17.] Regi-regi' seems meant to be in keeping with the formal tone of the communication to Diomede, which altogether is more in the style of prose than of verse. There seems to be the same formality in 9. 369, "Turno regi responsa ferebant," 11. 294, Et responsa simul quae sint, rex optume, regis Audisti." Comp. Soph. O. R. 284 avaкT' avaкTI ταῦθ ̓ ὁρῶντα ἐπίσταμαι Μάλιστα Φοίβῳ Τειρεσίαν.

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they" &c. Hom. is more explicit, generally expressing himself in full, and occupying a whole line. Serv. says admiringly "Gerebantur' subaudis: et est formosa ellipsis." Peerlkamp removes the stop, so as to connect 'talia' with 'quae cuncta,' which is less likely. 'Laomedontius,' 7. 105.

19.] "Magno fluctuat aestu" 4. 532. Cerda comp. Lucr. 6. 34, "Volvere curarum tristis in pectore fluctus," Catull. 62 (64). 62, "Prospicit et magnis curarum fluctuat undis," perhaps in imitation of Lucretius: see Munro (3rd edition) on Lucr. 3. 57. Serv. remarks that the metaphor anticipates the following simile.

20, 21 are repeated from 4. 285, 286; where see note. Here there seems to be no variety of reading, except that two inferior MSS. and the Schol. on Hor. 2 Od. 16. 11 have "celerem nunc huc."

22.] This simile is taken from Apoll. R. 3. 756 foll. In the original, the water is fresh poured (rò dǹ véov hè λéßntɩ 'Hé που ἐν γαυλῷ κέχυται), which accounts for its motion. Virg. had also probably in his mind Lucr. 4. 209 foll. It must be owned that the comparison is more pleasing when applied, as it is by Apollonius, to the fluttering heart of Medea, than to the fluctuating mind of Aeneas. 'Aquae' with lumen,' like "splendor aquai" Lucr. 1. c. 'Labris,' 12. 417, G. 2. 6. The abl. here seems to be local.

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23.] Sole repercussum' is another instance of Virg.'s recondite use of words. The natural phrase would have been sole repercusso." Perhaps the notion of reciprocal action between the sun and the water may help to justify the variation, the conception apparently being that the light glances from the water to the sun and is sent back. In the rest of the verse he changes the notion, making the light sent back not by the moon but by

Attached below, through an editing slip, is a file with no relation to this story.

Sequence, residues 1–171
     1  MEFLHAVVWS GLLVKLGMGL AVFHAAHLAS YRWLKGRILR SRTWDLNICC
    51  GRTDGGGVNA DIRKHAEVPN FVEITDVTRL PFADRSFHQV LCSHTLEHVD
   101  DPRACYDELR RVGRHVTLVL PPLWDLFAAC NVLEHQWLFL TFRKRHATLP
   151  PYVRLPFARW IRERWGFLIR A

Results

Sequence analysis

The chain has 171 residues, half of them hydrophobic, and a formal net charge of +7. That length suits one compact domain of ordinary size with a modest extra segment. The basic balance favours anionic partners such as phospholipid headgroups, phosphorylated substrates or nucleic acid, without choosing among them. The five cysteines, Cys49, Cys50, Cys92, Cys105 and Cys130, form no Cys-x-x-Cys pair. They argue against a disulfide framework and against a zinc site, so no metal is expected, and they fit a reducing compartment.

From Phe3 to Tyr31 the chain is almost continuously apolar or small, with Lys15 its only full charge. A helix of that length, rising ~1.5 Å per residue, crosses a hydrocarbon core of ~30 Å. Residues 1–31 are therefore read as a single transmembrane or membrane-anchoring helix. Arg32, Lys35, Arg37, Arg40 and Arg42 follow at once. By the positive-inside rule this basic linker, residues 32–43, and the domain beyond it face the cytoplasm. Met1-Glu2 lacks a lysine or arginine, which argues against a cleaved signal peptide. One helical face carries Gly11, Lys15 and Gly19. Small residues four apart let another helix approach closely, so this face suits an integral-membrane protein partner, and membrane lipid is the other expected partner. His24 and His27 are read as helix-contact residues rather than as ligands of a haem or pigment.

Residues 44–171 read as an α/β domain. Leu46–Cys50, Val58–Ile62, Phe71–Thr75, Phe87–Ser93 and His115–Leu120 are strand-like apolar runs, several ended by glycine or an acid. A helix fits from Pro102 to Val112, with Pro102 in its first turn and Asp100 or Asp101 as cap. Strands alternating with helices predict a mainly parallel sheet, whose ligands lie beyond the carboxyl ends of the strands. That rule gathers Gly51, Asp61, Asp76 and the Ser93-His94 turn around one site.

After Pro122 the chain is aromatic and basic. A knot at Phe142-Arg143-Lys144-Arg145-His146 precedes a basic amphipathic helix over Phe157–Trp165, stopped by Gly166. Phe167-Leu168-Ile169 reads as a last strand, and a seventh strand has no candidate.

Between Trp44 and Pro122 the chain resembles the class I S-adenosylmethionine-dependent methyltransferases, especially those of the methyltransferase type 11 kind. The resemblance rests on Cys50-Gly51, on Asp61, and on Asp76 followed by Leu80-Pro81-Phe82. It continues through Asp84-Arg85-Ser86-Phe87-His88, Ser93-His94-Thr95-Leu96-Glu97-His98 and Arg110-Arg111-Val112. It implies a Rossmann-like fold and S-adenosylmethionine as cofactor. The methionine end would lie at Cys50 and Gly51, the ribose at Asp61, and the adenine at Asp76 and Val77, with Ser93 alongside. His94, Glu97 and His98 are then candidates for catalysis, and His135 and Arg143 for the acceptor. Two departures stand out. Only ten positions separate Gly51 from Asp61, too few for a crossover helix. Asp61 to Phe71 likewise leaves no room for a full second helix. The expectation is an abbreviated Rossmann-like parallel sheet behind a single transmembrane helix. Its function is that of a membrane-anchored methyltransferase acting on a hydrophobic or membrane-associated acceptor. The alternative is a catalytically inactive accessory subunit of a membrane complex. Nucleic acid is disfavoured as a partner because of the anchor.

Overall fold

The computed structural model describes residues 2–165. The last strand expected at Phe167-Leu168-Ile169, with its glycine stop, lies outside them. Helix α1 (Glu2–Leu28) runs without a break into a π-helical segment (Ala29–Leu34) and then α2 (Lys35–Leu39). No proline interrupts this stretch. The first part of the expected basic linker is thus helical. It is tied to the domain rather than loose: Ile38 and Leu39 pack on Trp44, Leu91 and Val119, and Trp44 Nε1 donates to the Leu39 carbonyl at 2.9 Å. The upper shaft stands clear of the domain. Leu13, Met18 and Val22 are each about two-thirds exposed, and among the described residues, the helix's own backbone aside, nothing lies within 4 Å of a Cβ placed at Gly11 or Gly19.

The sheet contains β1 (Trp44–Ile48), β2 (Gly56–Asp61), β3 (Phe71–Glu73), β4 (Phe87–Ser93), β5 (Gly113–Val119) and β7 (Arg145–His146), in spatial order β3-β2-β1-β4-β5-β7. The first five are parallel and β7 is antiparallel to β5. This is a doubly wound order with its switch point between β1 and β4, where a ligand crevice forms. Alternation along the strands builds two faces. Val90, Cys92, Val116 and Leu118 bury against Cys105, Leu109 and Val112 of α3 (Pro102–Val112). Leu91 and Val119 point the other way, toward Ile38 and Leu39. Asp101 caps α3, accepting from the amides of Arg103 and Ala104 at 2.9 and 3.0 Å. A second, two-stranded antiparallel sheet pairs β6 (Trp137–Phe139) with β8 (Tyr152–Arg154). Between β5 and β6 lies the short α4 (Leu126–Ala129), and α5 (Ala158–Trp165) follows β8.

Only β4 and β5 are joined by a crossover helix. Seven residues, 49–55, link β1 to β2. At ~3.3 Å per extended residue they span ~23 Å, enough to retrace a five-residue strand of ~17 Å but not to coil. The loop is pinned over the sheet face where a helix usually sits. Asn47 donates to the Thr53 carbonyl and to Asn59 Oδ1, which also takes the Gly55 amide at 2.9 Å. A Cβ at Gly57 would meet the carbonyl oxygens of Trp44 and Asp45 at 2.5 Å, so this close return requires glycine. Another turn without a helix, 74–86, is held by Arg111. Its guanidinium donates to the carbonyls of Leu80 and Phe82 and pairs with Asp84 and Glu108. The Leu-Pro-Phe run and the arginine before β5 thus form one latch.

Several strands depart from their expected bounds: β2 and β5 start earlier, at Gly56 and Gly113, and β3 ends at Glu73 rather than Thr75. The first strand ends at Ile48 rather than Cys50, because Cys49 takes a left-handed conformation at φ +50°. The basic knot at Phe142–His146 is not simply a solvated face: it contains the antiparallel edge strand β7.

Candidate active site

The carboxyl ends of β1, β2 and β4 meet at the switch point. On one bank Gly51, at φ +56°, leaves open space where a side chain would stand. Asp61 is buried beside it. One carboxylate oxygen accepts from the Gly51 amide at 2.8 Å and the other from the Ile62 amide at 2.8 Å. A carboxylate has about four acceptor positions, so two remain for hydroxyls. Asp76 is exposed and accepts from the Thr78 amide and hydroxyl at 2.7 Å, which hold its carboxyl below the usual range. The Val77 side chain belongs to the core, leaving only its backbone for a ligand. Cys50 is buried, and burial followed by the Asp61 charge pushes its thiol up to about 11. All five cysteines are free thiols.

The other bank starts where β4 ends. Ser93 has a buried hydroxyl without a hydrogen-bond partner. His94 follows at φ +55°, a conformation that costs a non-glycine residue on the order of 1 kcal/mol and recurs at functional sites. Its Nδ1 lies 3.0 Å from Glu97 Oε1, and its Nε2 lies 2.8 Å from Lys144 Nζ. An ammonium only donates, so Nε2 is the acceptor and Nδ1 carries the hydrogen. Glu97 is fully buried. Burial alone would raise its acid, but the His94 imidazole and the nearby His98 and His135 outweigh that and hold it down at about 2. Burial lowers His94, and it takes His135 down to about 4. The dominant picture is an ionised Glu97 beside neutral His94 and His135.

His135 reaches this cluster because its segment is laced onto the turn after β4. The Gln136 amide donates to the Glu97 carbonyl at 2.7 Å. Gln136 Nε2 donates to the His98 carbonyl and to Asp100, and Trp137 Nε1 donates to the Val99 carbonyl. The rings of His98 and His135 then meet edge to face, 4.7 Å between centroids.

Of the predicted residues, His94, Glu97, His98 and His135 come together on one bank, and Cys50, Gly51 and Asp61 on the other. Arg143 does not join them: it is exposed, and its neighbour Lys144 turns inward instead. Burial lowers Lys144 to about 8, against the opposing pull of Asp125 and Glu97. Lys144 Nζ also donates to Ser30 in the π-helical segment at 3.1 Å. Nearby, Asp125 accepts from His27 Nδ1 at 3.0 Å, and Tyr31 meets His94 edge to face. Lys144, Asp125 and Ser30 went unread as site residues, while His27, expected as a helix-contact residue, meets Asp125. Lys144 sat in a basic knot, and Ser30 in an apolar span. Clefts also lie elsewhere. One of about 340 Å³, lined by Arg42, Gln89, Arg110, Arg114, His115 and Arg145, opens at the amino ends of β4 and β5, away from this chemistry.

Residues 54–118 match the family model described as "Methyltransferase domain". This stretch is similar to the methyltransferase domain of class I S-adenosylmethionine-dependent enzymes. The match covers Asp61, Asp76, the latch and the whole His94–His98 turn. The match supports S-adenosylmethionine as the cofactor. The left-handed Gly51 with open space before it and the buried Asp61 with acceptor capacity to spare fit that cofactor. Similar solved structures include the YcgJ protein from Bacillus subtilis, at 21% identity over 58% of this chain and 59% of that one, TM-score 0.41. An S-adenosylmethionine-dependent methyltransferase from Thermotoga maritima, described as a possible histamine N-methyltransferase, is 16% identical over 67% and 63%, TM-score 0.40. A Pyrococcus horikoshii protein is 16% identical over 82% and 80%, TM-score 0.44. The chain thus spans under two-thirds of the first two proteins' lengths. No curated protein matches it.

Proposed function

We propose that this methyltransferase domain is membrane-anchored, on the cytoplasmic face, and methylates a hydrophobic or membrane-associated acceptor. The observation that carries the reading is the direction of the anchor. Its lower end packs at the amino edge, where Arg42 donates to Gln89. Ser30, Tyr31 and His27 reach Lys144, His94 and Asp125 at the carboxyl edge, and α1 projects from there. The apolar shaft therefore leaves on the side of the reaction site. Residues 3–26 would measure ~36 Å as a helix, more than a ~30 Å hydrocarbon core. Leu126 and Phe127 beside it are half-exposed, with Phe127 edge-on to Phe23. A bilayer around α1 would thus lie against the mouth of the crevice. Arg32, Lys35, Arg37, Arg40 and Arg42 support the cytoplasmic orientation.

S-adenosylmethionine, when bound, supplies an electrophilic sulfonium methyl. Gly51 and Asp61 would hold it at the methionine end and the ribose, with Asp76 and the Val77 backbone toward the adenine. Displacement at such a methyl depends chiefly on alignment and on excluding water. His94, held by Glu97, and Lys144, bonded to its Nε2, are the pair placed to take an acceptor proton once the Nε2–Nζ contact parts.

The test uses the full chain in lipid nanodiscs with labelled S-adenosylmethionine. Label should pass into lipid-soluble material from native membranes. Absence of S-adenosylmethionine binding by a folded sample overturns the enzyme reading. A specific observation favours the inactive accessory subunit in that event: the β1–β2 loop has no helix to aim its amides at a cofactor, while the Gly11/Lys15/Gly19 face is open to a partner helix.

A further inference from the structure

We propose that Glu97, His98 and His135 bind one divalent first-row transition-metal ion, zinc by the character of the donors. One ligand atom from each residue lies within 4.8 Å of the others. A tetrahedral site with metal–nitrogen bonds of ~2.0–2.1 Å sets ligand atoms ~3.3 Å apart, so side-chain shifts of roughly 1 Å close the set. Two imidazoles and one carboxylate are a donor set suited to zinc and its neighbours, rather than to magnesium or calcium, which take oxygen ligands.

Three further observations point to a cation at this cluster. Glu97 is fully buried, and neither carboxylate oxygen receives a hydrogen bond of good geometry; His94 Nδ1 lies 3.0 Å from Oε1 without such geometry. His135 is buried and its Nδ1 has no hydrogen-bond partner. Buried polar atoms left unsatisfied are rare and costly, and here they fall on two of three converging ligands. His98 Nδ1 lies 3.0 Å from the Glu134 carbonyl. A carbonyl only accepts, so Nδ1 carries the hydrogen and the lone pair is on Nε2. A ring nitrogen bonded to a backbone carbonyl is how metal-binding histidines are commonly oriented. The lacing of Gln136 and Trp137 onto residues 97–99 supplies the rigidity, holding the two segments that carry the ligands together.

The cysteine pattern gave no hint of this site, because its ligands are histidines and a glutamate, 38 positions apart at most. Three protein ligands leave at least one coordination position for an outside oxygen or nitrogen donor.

Omnia pervolitat late loca, iamque sub auras
Erigitur summique ferit laquearia tecti.

Nox erat, et terras animalia fessa per omnis
Alituum pecudumque genus sopor altus habebat :
Cum pater in ripa gelidique sub aetheris axe
Aeneas, tristi turbatus pectora bello,
Procubuit seramque dedit per membra quietem.
Huic deus ipse loci fluvio Tiberinus amoeno
Populeas inter senior se attollere frondes
Visus; eum tenuis glauco velabat amictu
Carbasus, et crinis umbrosa tegebat arundo;
Tum sic adfari et curas his demere dictis :

O sate gente deum, Troianam ex hostibus urbem.
Qui revehis nobis aeternaque Pergama servas,
Exspectate solo Laurenti arvisque Latinis,

the reflection of the moon. Heyne at-
tempts to harmonize the image by taking
'imagine lunae' of the moon herself that
causes the reflection: but Virg. evidently
cared as little for consistency of thought
as for scientific truth. Mr. Long under-
stands sole repercussum' reflected by the
image of the sun in the water. Radiantis'
from Lucr. 1. c. "sidera respondent in aqua
radiantia mundi."

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24, 25 correspond in the comparison to 20, 21. Pervolitat' is perhaps suggested by "pervolgat " Lucr. 1. c. 'Sub auras erigitur,' 3. 422: comp. ib. 574., 9. 240. There is of course no real inconsistency between sub auras' and 'laquearia tecti.'

26.] Comp. 3. 147., 9. 224, 5. The decription in 4. 522 foll. is much more detailed.

27.] Alituum genus' occurs repeatedly in Lucr., 5. 801, 1039, 1078., 6. 1216.

28.] "Nudoque sub aetheris axe" 2. 512.

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rally represented as old: comp. 5.823.

33.] The robe of the river-god represents his waters: comp. v. 712 below. Rivergods are represented in works of art with a similar covering. For 'eum' Rom. and Verona fragm. have 'cum.'

34.] Carbasus' was properly a very fine kind of linen invented at Tarraco in Spain, according to Pliny 19. 1. A crown of reeds formed part of the conventional representation of a water-god. See on 10. 206, and Vell. Paterc. 2. 83, quoted on

3. 432.

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36-65.] The river-god assures him that he has found a home, promises him the appearance of a white sow by way of confirmation, advises him to apply at once for help to a neighbouring colony from Arcadia under Evander, and enjoins him to propitiate Juno.'

36.] "Sate sanguine divom" 6. 125. 'Gente deum' is not as in 10. 228., 11. 305, a race sprung from the gods, but a race consisting of gods. Troianam urbem: comp. 1. 68, "Ilium in Italiam portans " and see on 2. 703., 3. 86. Revehis,' because Dardanus had come from Italy: comp. 7. 240 &c.

37.] Aeterna' with 'servas.'

38. For 'solo' Med. originally had 'lo,' which a later hand has altered into loco.' "Solo Laurente " 12. 547.